Bryson Still Being A Baby About Everything

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Bryson DeChambeau shot a 44 in the back nine of the final round at the U.S. Open Championship, which most would call a choke job. Not Bryson. He says he’s just the victim of bad luck at Torrey Pines.

“Nobody understands, at least if you play professional golf, major championship golf — a lot of it is luck,” DeChambeau said in his post-round interview.

He was then asked about his game plan to outdrive the bunkers and deal with the thick rough closer to the greens.

“I knew going into the week that was going to be my game plan. I had to be a little lucky, and I was for the first three and a half days and just didn’t get lucky the last nine,” he said. “But it plays a huge factor in major championship golf. It’s probably over 50 percent in most scenarios. There are times when I hit it in a fairway and hit into a divot. It’s just part of it.”

Zero accountability

This guy has no feel. If he actually believed what he was saying — which he doesn’t — why doesn’t he bow to the gods of luck after a victory? Well, he wants everyone to believe he wins because of preparation and that he only loses because of forces beyond his control. I’d actually prefer if he just said “God works in mysterious ways” after a loss, rather than this long, drawn out b.s.

A one-stroke lead walking to the 10th tee box, and DeChambeau followed with bogey, bogey, and finally a double-bogey. Most golfers on tour would call that “not getting it done,” so why is this any different?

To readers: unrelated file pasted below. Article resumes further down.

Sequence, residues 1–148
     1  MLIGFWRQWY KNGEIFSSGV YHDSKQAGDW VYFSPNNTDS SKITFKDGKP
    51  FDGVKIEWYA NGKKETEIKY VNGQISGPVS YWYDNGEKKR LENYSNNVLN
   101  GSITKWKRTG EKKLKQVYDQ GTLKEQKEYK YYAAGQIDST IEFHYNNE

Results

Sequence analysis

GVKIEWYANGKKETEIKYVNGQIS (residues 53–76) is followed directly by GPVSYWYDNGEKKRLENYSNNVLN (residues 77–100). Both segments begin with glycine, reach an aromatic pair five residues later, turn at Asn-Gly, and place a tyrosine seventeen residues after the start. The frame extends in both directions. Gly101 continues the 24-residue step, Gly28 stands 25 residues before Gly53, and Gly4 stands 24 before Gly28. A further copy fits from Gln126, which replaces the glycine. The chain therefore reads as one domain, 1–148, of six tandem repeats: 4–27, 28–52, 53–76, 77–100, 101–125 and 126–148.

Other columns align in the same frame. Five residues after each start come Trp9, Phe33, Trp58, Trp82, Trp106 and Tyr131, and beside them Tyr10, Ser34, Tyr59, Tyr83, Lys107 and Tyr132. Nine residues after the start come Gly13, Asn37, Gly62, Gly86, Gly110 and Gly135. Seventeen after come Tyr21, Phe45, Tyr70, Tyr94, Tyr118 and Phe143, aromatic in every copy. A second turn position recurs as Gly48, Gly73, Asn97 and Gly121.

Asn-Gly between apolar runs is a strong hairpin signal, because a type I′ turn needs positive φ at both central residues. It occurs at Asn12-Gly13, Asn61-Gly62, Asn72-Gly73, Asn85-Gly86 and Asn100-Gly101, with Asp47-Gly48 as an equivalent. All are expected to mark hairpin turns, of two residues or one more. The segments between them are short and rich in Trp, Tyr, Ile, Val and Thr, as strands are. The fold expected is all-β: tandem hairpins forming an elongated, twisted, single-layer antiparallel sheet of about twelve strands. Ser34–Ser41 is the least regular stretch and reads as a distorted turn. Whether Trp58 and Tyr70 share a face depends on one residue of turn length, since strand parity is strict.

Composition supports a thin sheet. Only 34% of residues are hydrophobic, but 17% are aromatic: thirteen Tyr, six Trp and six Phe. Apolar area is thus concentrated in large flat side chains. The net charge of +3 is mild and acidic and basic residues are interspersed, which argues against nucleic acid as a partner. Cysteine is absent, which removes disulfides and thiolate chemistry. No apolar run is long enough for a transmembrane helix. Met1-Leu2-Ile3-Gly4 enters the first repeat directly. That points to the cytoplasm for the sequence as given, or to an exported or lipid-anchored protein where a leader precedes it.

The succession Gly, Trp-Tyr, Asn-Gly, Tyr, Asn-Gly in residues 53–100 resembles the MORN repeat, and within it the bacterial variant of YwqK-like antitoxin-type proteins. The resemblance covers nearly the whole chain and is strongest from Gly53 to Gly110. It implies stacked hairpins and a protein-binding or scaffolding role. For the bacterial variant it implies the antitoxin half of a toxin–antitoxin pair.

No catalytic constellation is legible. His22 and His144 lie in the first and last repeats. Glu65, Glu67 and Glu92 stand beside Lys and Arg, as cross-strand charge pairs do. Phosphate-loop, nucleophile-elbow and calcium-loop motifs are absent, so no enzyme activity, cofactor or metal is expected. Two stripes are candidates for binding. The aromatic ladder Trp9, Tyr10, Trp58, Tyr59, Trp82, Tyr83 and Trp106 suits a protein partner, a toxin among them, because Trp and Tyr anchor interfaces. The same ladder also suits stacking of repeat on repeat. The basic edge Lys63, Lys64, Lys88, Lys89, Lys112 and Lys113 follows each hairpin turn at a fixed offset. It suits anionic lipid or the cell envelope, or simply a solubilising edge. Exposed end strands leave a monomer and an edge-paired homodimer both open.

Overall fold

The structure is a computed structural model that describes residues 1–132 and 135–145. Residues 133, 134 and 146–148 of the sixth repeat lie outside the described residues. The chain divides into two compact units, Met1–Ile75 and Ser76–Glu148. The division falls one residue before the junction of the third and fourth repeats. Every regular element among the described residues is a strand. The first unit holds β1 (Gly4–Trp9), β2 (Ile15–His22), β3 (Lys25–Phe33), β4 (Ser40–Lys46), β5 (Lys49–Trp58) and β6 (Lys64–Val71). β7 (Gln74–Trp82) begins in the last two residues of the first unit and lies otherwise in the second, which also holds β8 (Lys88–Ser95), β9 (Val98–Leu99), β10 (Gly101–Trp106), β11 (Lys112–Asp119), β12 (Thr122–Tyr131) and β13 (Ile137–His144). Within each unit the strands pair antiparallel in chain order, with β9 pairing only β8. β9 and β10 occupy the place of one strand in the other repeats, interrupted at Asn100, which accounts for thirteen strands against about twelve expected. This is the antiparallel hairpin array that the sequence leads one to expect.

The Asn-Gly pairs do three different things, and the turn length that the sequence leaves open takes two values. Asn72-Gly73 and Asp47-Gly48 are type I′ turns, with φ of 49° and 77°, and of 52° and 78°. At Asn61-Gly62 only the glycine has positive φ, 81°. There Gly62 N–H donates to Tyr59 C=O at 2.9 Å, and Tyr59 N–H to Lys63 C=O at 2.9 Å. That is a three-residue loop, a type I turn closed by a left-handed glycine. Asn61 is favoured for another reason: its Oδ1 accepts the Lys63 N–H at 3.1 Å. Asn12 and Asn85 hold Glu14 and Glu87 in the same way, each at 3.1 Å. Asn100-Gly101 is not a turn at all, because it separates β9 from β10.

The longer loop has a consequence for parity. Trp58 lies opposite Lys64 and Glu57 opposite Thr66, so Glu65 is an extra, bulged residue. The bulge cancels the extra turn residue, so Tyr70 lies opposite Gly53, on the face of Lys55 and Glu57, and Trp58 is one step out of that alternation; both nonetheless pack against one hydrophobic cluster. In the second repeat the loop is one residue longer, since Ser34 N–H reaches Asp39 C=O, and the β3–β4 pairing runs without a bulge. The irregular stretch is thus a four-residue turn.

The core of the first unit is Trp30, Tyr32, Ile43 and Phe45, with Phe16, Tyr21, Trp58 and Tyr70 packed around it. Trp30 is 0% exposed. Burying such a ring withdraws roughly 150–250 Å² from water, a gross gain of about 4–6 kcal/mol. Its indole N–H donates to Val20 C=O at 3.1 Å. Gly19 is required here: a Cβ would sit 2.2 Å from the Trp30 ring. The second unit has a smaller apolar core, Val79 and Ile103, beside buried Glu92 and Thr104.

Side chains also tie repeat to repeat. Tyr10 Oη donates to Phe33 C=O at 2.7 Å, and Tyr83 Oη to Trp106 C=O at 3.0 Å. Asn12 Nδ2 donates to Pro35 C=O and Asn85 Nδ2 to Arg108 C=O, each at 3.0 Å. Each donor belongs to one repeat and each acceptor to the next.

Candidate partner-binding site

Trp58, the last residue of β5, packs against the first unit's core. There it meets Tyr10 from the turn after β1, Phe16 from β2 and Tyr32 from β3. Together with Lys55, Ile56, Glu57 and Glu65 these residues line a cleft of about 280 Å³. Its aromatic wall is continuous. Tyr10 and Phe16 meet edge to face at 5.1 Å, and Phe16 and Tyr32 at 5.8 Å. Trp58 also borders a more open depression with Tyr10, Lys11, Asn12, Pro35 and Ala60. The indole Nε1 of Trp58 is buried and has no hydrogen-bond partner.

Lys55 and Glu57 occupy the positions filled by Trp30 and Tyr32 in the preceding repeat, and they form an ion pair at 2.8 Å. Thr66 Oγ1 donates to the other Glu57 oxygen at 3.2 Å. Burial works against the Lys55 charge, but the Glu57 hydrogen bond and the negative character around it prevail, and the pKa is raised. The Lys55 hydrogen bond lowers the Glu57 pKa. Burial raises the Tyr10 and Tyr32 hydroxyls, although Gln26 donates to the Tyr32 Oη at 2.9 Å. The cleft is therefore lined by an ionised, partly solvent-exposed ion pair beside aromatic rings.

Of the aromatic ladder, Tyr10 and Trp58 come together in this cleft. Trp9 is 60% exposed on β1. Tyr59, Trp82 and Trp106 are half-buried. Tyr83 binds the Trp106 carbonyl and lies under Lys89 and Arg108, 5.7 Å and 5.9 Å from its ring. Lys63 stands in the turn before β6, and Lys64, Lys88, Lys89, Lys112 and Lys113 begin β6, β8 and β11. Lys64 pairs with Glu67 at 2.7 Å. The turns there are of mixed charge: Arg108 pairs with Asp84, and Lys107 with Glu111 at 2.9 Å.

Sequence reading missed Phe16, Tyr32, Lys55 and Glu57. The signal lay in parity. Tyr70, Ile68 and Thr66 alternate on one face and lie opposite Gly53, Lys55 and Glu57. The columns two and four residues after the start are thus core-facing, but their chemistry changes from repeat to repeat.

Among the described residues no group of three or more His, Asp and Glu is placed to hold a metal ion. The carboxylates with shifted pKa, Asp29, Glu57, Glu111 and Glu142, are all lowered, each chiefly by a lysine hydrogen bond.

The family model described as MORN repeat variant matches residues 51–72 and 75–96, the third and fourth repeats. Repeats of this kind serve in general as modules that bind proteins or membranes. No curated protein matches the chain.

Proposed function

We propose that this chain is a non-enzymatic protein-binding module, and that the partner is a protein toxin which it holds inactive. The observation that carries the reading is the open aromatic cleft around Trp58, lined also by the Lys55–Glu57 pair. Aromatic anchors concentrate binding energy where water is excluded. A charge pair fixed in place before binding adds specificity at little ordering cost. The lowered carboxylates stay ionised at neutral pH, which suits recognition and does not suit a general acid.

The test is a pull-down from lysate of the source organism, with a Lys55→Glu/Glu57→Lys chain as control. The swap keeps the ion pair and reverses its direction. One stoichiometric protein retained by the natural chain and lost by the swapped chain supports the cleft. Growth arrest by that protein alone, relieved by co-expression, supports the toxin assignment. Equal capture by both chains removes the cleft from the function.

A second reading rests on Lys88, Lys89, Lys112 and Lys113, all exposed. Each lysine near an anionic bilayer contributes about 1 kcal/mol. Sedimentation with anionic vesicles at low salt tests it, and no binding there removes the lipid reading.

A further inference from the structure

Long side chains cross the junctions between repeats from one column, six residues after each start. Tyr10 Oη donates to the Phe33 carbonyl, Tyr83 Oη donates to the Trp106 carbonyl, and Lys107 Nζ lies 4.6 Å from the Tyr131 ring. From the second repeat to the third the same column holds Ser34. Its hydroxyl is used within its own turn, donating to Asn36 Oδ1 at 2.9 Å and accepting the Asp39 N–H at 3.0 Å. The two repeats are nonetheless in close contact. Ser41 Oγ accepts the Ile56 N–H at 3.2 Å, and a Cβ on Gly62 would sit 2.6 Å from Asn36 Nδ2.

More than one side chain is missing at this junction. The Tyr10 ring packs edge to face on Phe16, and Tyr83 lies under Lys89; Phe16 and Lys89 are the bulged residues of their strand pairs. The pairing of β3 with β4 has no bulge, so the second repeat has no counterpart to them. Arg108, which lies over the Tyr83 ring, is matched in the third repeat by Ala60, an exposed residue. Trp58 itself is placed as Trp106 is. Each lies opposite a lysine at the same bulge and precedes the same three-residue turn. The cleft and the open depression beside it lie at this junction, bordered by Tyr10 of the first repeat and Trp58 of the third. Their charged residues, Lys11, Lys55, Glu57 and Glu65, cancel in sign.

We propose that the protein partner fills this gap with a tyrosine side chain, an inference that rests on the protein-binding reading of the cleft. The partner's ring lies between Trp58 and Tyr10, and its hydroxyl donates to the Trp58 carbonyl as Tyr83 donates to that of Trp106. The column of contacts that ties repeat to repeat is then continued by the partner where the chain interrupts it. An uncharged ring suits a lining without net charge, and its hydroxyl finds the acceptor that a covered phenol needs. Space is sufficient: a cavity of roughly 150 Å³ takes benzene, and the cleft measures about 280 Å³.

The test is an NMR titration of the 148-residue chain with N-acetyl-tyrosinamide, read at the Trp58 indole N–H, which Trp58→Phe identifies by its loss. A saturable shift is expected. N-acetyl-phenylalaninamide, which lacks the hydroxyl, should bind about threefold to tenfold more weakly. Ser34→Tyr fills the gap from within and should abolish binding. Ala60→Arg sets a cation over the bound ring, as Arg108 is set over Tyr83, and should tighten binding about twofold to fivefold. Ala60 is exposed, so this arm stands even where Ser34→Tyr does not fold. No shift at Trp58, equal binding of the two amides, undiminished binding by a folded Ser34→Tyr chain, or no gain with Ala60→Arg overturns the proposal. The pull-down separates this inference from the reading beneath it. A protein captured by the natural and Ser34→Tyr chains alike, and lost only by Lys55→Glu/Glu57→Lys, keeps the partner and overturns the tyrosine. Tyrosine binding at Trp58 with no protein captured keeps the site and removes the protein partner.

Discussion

DeChambeau thinks he can outsmart golf by mastering analytics, but what he doesn’t realize is that clutch genes matter, too. You can’t calculate that. Tiger Woods, for example, so often found a way to stay in the moment and finish the weekend with a win. When he didn’t, he offered no excuses. He didn’t blame the wind, the narrow fairways, or a bad bounce. When he failed, it was on him.

Woods, and most other golfers, admit when they come up short. That’s how athletes are supposed to take their losses. It looks classy and professional and helps them improve in their next trip out. Welp, good luck to Bryson DeChambeau at his next event. Apparently he’ll need it.

Written by Gary Sheffield, Jr

Gary Sheffield Jr is the son of should-be MLB Hall of Famer, Gary Sheffield. He covers basketball and baseball for, chats with the Purple and Gold faithful on LakersNation, and shitposts on Twitter. You can follow him at GarySheffieldJr


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  1. If your game is predicated upon smashing the driver and being way closer in than everybody else you’re not gonna be consistent. There is no next Tiger on tour. I’d imagine there won’t be anybody comparable for a long time if ever.

    • Exactly. His game plan has very little room for error, even though he claims the error of missing fairways is built in to the plan. Essentially, he has to be perfect from within 120 yards no matter what lie he has, which is asking a lot on a PGA tour course.

      I still find him to be incredibly entertaining. Much more than his pouty arch-nemesis Koepka who also suffers from the same lack of accountability

  2. I couldn’t stand him for the longest time. But I actually thought his postgame analysis was pretty man-up. Yeah, crap happens. He didn’t whine – he just said very matter of factly, “That’s golf.”

  3. Having caddied in groups with the following professional golfers, Sneed, Boros, Tway, Couples, Calvin Pete… I guarantee that DeShambozo’s body will not hold up over time. Sneed had the most beautiful swing ever, and shot his age, 75- Incredible. Oh, and none of the aforementioned ever blamed the ‘luck of the drive’ senario, either. Time will tell, but he’s got to grow up….

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